Assessed value: $27,900
Owner: Dave Finet
Owner says: Stay tuned
It’s OK to think that this house at 2730 N. Martin Luther King Jr. Blvd. looks dreadful with its exposed plywood, mismatched siding and overall disrepair. Lansing-area resident and owner Dave Finet is the first to agree that it’s truly an eyesore. Finet, who is general manager at the East Lansing Food Co-op, acquired the house as an investment property for his RV rental business and has a passion for restoring homes. Once completed, the north Lansing home will round out a hat trick of Finet renovations, including one in Urbana, Ill., and another in Madison, Wis.
Think this home is beyond saving? Think it is time to throw in the towel? Think again. This home is an excellent example of a building that looks like a lost cause, but isn’t because it has good DNA. Buildings with good DNA can, despite neglect, recover because they possess the essentials: superior craftsmanship and quality materials that can stand the test of time. This is one of the core reasons that urban revitalization has been so successful over the past two decades. The vast majority of buildings built in the urban core possess these essential qualities, allowing them to survive decades of negligence.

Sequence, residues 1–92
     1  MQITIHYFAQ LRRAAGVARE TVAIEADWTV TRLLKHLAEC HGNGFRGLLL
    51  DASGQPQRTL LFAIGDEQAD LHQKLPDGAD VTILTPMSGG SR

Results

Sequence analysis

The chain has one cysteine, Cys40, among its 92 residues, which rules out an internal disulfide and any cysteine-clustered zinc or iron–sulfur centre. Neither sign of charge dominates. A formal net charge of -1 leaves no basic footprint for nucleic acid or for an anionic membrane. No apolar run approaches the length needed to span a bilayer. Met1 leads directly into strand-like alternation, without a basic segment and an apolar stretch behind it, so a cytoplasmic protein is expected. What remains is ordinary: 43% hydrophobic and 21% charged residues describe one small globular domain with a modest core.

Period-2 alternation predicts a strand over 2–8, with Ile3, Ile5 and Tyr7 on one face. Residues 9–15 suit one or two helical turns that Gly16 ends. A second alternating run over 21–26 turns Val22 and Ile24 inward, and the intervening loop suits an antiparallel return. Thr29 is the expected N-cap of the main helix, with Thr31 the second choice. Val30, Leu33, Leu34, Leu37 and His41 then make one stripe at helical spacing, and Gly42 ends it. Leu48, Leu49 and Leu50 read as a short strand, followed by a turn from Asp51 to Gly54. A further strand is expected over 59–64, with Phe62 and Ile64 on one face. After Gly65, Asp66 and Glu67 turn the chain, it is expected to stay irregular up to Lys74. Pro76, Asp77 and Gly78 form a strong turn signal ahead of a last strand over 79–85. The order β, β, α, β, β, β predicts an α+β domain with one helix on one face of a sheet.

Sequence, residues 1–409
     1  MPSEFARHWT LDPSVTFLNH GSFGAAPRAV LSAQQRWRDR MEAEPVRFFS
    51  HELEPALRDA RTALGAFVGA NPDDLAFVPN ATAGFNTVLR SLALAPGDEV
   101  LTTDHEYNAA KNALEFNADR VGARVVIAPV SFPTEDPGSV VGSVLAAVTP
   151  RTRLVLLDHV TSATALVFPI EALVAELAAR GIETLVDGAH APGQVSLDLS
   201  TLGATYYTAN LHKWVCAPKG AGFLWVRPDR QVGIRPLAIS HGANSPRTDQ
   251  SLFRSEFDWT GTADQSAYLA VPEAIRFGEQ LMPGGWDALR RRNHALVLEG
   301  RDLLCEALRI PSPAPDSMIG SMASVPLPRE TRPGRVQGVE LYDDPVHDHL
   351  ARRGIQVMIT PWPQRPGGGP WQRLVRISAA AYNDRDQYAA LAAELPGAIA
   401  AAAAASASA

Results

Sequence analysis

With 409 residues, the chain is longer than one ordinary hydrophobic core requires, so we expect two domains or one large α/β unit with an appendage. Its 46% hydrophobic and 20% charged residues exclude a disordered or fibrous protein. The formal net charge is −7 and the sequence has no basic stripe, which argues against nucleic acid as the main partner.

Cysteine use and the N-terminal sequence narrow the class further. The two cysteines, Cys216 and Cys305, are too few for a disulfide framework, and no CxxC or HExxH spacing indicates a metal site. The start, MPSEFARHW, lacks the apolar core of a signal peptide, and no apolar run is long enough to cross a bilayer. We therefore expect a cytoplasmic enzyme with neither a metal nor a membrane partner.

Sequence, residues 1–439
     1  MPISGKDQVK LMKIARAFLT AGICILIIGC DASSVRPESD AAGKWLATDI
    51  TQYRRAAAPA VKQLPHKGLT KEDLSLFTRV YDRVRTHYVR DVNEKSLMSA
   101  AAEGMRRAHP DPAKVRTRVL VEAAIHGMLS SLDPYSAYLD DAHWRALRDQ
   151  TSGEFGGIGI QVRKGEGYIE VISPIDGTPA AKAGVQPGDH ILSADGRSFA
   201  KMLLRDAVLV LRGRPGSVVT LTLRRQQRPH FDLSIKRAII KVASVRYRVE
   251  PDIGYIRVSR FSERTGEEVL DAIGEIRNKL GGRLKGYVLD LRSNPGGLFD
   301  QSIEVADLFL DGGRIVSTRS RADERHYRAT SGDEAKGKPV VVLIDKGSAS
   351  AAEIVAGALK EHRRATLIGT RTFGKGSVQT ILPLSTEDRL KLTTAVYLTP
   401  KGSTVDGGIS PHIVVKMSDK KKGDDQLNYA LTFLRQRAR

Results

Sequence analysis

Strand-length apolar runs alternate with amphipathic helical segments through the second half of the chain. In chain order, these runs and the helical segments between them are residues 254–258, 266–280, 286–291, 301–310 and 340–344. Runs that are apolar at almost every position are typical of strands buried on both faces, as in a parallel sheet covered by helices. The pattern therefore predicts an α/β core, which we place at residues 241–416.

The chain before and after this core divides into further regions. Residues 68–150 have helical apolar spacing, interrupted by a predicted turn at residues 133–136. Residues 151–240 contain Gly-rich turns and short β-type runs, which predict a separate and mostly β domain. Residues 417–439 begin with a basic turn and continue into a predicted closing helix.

Finet knows that quality and craftsmanship matters as he transforms this property. It will only be a matter of months until this eyesore is a thing of beauty. Expect this property to be featured as Eye Candy of the Week by this summer.
All too often in our modern world, quantity is chosen over quality. Superior craftsmanship and quality materials are sacrificed for short-term gratification that has long-term impacts on the environment. Building materials account for a huge percentage of waste in landfills. Reducing the amount of landfill waste can be achieved with an emphasis on reusing buildings again and again.
Demolition and reconstruction are incredibly wasteful. Buildings with good DNA that can survive these environmentally taxing pursuits are a vital feature in a sustainable world. Better built, less waste. The best buildings are those that are structurally relevant for centuries.